In and beyond the classroom, people learn and acquire knowledge and skills that are valuable in the workplace but are not necessarily recognized by a formal degree. Formerly known as soft skills, these power skills, include critical thinking, problem solving, digital and financial literacy, leadership and teamwork, among others.
Credential As You Go is an initiative that wants to identify these valuable skills through a nationally recognized incremental credentialing system. Currently, this initiative spans the states of Colorado, North Carolina and New York, but thanks to a grant from Walmart, it will be expanding its reach across the country through a cohort of 28 higher education institutions and organizations.
Montgomery County Community College is among those selected for the first cohort, which includes seven private four-year colleges and universities, eight community colleges, nine public universities, two public systems of higher education and two certifying organizations.
“Microcredentials validate the knowledge and skills people acquire throughout life, work and education to highlight their marketability and enhance their value in the workforce,” said Tracy Kaiser-Goebel, Director of Educational Effectiveness and Assistant Professor of Communication Studies, who is leading the development of the Montco microcredentials/badging system in partnership with a team of representatives from across the College. “As part of the Credential As You Go cohort, we will be able to share their resources for development of the microcredentials, validated by meta-data, for the ultimate benefit of our students and community partners.”
As an institution of higher education, MCCC is answerable to federal and state regulations and the regional accreditor, said Kaiser-Goebel. Through participation in the Credential As You Go cohort, MCCC will continue to expand on its previous guided pathways and stackable credentials initiatives.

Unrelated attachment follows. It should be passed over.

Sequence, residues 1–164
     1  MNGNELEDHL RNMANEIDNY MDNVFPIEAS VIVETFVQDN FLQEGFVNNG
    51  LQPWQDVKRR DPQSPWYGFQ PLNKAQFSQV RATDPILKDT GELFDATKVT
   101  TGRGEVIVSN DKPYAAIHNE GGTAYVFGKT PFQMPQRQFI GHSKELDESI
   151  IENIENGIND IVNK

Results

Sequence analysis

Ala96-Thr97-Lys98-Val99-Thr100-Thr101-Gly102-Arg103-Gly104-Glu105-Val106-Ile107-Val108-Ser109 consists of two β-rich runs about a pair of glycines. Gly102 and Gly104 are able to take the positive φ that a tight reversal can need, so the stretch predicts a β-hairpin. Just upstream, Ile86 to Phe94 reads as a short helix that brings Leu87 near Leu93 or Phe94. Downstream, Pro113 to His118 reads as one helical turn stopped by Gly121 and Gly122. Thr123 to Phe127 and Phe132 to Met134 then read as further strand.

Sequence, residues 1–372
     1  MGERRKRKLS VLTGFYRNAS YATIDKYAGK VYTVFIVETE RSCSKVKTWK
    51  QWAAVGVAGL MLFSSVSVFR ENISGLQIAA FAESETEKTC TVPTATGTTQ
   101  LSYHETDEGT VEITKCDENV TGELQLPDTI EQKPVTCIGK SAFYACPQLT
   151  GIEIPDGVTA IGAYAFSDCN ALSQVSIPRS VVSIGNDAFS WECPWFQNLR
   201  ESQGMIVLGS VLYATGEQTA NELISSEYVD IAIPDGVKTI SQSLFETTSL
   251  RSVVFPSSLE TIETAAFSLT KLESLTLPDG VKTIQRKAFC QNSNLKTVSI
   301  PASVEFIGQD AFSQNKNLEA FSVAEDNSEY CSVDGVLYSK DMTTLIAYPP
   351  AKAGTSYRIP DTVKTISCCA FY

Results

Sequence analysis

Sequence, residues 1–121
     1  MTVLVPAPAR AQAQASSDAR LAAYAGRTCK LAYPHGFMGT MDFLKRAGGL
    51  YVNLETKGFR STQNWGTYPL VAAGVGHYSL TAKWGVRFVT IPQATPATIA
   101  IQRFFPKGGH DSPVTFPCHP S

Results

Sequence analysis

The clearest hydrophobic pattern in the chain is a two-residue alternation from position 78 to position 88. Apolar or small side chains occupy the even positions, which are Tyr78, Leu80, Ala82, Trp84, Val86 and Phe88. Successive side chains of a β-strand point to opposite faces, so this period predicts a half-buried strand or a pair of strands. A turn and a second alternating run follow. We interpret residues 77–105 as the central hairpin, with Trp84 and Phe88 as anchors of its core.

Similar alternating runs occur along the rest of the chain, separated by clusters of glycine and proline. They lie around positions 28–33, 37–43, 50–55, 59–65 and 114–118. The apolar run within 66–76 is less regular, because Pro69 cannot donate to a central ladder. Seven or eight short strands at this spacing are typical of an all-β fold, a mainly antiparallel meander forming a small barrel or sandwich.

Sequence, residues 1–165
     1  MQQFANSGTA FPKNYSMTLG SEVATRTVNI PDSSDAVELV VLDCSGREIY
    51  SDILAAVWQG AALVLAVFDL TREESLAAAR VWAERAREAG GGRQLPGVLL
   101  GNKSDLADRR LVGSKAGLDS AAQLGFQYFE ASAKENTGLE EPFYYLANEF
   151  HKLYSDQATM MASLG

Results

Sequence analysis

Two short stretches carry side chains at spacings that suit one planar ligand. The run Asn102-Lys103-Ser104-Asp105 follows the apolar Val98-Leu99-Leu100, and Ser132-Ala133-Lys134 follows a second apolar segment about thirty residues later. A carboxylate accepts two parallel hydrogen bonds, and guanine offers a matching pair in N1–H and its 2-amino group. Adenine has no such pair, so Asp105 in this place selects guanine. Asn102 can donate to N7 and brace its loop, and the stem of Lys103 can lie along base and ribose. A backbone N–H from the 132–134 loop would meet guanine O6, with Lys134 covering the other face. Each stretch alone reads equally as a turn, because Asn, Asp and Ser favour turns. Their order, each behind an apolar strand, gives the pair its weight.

The microcredentials will be designed to allow students to earn credentials in a shorter timeframe, helping address the needs of the individuals to quickly gain skills and become employed.
“These offerings will be mapped to strategically improve connections between the 21st century workforce, the mission of the College, academic programs of study learning outcomes and program accreditation standards,” Kaiser-Goebel said.
One of the initial microcredential badges the College is planning for this spring addresses Financial Literacy for students. According to FINRA Investor Education Foundation, “Financial literacy is a strong indicator of positive financial outcomes for the future, but differing levels of financial literacy among Americans may contribute to widening inequality among different segments of the population.”
“We see increasing students’ Financial Literacy as an important part of our work to close equity gaps. As students apply for financial aid, they learn the first steps toward financial literacy. Through meetings with our Financial Aid representatives, completion of the FAFSA, and participation in the Financial Avenue series of self-paced modules, their financial literacy increases. By associating this process with a microcredential, students are incentivized to participate in the process,” said Kaiser-Goebel.
As students earn microcredentials and badges, they can add them to their resumes and LinkedIn accounts, which will help them be more marketable when they apply for jobs and start their careers.
Similarly, employees will gain microcredentials and badges for professional development, which encourages growth and advancement in their careers.
“On the faculty development side, we intend to develop a microcredential to memorialize the acquisition of important new skills as the College moves from Blackboard to Canvas LMS,” said Kaiser-Goebel.